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By Victor Golovtchenko

With the advent of electric vehicles, stocks of publicly listed corporations which are participating in the electrification of the global car fleet have been one of the most popular investments during this cycle. Shares of Tesla have skyrocketed over 30 times since the beginning of the pandemic, Chinese EV makers gained momentum alongside for the ride, and the triad of the biggest EV makers recently got joined by Rivian and Lucid.
As stocks of EV makers have skyrocketed over the past 20 months, investors are starting to ponder how high can the shares of these companies go. Given the fact that the transformation of Internal Combustion Engine (ICE) cars into EVs is relatively slow, the rise of the electric car stocks, has been anything but. It took 24 months for Tesla to join the trillion-dollar club from being a $50 billion stock in November 2019.
The scale of the rally of EV stocks shouldn’t be surprising – the forward-looking market is discounting future growth of the sector and is currently betting that EV-focused car manufacturers have enough leverage over traditional automakers to make the transition to sustainable transport a massively profitable endeavor.
But for the sake of comparison, our team at ThinkMarkets has compiled some charts for our clients to look at before they decide whether it’s worth jumping in on the EV bandwagon. Our first duo of charts is the market capitalization of the top 5 EV makers and the top 5 conventional auto manufacturers. For the sake of convenience, we have decided to include hybrid makers into the ICE group, as the cars they manufacture are not fully electric.

Among the EV makers, Tesla is an outlier – the company has not only manufactured the most cars, but it also has the strongest brand, and a star CEO that also happens to be the richest man on Earth as of writing. Tesla is the only company that joins mega-cap tech-behemoths in the trillion-dollar club currently comprised of Amazon, Apple, Google, Microsoft, and the outlier Saudi Aramco which can’t be traded on the US market.
With Rivian haven’t yet delivered a single car, it’s second spot on the list is impressive. The firm managed to focus on what it calls adventure electric vehicles and stands out with a lineup of two models and plenty of reservations coupled with investments from none other than Ford and Amazon.
Lucid is yet another player in this market that deserves attention. While the company has just started delivering the first luxurious Lucid Air Dream Edition cars, the firm holds promise to take the fight to Tesla at some future point with a more mainstream product. That said, the cheapest car in the company’s line up comes in at $77,000 and is hence competition to the Tesla Model S.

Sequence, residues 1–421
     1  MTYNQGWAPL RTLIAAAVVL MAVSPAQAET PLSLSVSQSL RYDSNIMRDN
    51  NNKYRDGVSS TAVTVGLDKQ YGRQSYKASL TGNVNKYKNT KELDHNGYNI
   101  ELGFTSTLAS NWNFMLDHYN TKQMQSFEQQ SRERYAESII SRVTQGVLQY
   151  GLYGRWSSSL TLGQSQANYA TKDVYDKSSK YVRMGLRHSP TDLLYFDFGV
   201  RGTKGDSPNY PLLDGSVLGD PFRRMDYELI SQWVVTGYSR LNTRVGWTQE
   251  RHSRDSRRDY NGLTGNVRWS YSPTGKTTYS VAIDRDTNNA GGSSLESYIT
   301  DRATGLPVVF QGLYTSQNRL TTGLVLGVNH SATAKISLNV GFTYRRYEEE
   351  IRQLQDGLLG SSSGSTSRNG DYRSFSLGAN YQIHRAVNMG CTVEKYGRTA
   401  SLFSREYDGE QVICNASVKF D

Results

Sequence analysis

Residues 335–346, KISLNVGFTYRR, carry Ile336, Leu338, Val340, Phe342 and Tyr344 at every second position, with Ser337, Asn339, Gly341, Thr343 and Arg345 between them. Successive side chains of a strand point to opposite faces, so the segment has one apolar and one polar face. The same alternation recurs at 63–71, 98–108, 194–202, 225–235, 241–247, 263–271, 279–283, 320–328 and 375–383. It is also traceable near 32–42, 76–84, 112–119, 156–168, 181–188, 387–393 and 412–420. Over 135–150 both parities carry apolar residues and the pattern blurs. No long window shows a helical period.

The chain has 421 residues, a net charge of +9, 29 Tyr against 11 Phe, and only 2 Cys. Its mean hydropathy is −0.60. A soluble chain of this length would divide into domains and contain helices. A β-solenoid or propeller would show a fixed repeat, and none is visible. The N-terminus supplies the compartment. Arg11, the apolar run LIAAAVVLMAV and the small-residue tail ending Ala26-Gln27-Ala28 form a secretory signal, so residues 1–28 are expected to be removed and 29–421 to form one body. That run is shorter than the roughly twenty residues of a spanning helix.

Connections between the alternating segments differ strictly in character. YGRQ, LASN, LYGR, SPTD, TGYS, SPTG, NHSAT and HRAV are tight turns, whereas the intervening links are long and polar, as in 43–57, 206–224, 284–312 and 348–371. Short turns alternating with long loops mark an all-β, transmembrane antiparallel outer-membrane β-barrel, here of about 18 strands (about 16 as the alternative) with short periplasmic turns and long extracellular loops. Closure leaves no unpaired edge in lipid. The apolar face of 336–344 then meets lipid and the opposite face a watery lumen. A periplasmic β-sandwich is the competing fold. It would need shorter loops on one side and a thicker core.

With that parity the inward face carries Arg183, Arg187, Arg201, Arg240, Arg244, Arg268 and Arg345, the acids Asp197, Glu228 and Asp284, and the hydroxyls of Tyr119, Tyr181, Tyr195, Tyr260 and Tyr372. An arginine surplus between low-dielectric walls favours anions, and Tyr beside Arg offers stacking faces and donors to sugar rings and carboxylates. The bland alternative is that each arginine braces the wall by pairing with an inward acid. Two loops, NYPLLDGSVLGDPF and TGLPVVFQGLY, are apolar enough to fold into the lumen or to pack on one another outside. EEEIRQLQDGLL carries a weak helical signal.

As to the Chinese automakers that wrap this list up, their presence in the sphere is limited by geography only for the time being. Both firms have ambitions to expand into the European market, where EV adoption seems to be leading the way with strict emissions standards from EU authorities. Also, unlike Rivian and Lucid, both NIO and XPeng have delivered over 80,000 cars this year. While paling in comparison to Tesla, their fleet is still much larger than those of Rivian and Lucid as we will find out later.

The scale of conventional auto manufacturers is a different story when it comes to numbers on the streets, but when it comes to market cap, the firms are not that big. Traditional car manufacturing has been associated with thin margins and significant capital costs. Only looking at the market capitalization of these companies makes one question the narrative that the future is electric, but as stricter emissions standards become the norm across the world, any doubt about our sustainable transport evaporates quickly.
Even when combined, Toyota, Volkswagen, Chinese giant BYD, Daimler, and General Motors are still smaller than the market cap of Tesla. At the same time, comparing the valuation of Daimler which delivered 1.6 million cars to the one of Lucid (technically another luxury automaker), begs the question – do cars delivered even matter in the current state of the market.

As we can see, the market cap of the publicly listed ICE/hybrid automakers amounts to just a smudge above the market cap of the 13 EV manufacturers that are now valued at $1.4 trillion (still primarily thanks to Tesla). Only time will tell whether these valuation numbers for the EV automakers make any sense for a long-term investment. That said, we will conclude our article with a face-to-face comparison between deliveries of EVs and conventional ICE cars or hybrids side by side. As you can see the figures for 2021 are quite significantly different, and the EV transformation is just starting with a very long way to go. The main dilemma for investors in this sector is whether to believe that traditional automakers will fail in the development of EVs that are competing well against the likes of Tesla, Rivian, Lucid, NIO, and XPeng.


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